Twenty years later, “Hard-Luck Ned” had acquired a wife and young daughter and was again living a hand-to-mouth existence as a prospector in a one-room cabin in Custer County, Colorado. One day out of the blue some familiar-looking rocks caught his eye. Bassick quickly bought up the mining claim to that remote piece of ground for a pittance, and in no time found himself sitting on top of the largest gold mine ever discovered in America. With his first rush of income it was noted he bought himself 20 tins of sardines, and sat eating them with his penknife just outside the general store. Soon, however, Bassick opened a mammoth supply emporium, where goods were given away at half their wholesale cost to the entire district. The man who had known so much misfortune was determined to share his sudden wealth with others.
Within a few years the fabulous Bassick Mine was sold to big-time investors for a fabulous sum, and Edmund Bassick returned East to retire in style. Searching up and down the coast for the most beautiful, advantageous spot, he set his sights on Bridgeport, Connecticut, fairest-of-the-fair in all of New England. Bassick purchased P.T. Barnum’s former home, “Lindencroft,” on what was then “Millionaire’s Row” on Fairfield Avenue. Renaming it “Miner’s Rest,” he added greenhouses and gardens to the estate to engage his passion for horticulture. And, always mindful of his origins, he built a development of model workers’ cottages along Bassick Avenue, named it Bassickville, and rented the houses out for a pittance to those striving to get ahead in life. It was said he donned overalls and work gloves and personally landscaped each of the houses.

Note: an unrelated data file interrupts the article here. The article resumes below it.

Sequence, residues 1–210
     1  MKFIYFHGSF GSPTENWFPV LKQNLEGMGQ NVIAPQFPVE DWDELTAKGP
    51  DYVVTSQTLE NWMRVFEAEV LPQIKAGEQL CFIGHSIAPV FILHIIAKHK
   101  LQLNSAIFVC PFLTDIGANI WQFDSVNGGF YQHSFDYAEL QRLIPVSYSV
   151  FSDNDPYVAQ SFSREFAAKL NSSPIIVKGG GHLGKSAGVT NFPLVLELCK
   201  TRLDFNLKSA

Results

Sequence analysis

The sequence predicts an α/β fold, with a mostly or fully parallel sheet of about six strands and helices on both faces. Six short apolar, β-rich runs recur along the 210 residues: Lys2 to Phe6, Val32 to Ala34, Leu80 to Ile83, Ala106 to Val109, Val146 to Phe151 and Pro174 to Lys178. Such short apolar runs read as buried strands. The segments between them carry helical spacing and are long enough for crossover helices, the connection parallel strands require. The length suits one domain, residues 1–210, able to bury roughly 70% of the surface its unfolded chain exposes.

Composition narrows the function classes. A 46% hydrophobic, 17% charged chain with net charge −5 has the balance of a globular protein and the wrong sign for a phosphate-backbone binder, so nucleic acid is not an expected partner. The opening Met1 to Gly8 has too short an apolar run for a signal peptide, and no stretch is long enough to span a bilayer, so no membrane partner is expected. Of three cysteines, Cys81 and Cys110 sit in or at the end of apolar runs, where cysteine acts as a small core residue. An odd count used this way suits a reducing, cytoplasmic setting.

Bassick died in 1898. By the time his wife died in the 1920s, the Victorian mansions of Fairfield Avenue were being abandoned by the wealthy and replaced by apartment houses, funeral homes, and Moose lodges. Edgar Bassick did not want to see the home of his youth degraded for use as a rooming house or worse and decided to turn its site into a civic asset for the city that had been so welcoming to his family. A great school, he felt, would do honor to his father’s name and would continue the Bassick family tradition of helping those who help themselves. Spurning men of lesser abilities, he selected as his architect Ernest G. Southey, a man whose eye for design had earned him a place at the very top of his profession in Southern Connecticut. Working together, the two men created a vision of the most beautiful school of higher learning ever erected in America, an edifice that would serve as an example to the rest of the nation. And in that they succeeded.
In recent years Bridgeport has embarked on a program to revamp its educational infrastructure, to demolish its old school buildings and replace them with modern “state of the art” structures at tremendous expenditure of public funds. The reasoning often stated is that retrofitting old structures is problematic for architects and contractors, and that it is much more efficient to start with a clean slate and to build from the ground up. The inference is that the city’s habitually low test scores are the fault of the buildings themselves; that it is next to impossible for students to learn in “antiquated facilities.”
Let us consider for a moment the Yale University campus in New Haven: Yale has buildings that date back as far as 1750, and the vast majority of its building stock was erected in the teens and twenties of the last century. No one would THINK of tearing any of these hallowed, venerable buildings down and replacing them with glass-and-concrete boxes that look like prisons. They are Yale’s identity, Yale’s tradition, Yale’s trademark to the world, irregardless of the fact that they may have auditoriums with level floors and that retrofitting HVAC systems might be “problematic” for tradesmen. And the illustrious exploits of Yale’s alumnae seem to prove that learning is indeed possible in a building that was not constructed yesterday.
Bassick High School is an eminently beautiful structure, in sound condition, made of materials that are irreplaceable or prohibitively expensive in our day and age. The school has witnessed the coming-of-age of generations of Bridgeporters and has acquired a patina and a tradition that cannot be reproduced at any cost. It is a landmark that Bridgeport should be most honored to possess. Its demolition is unthinkable.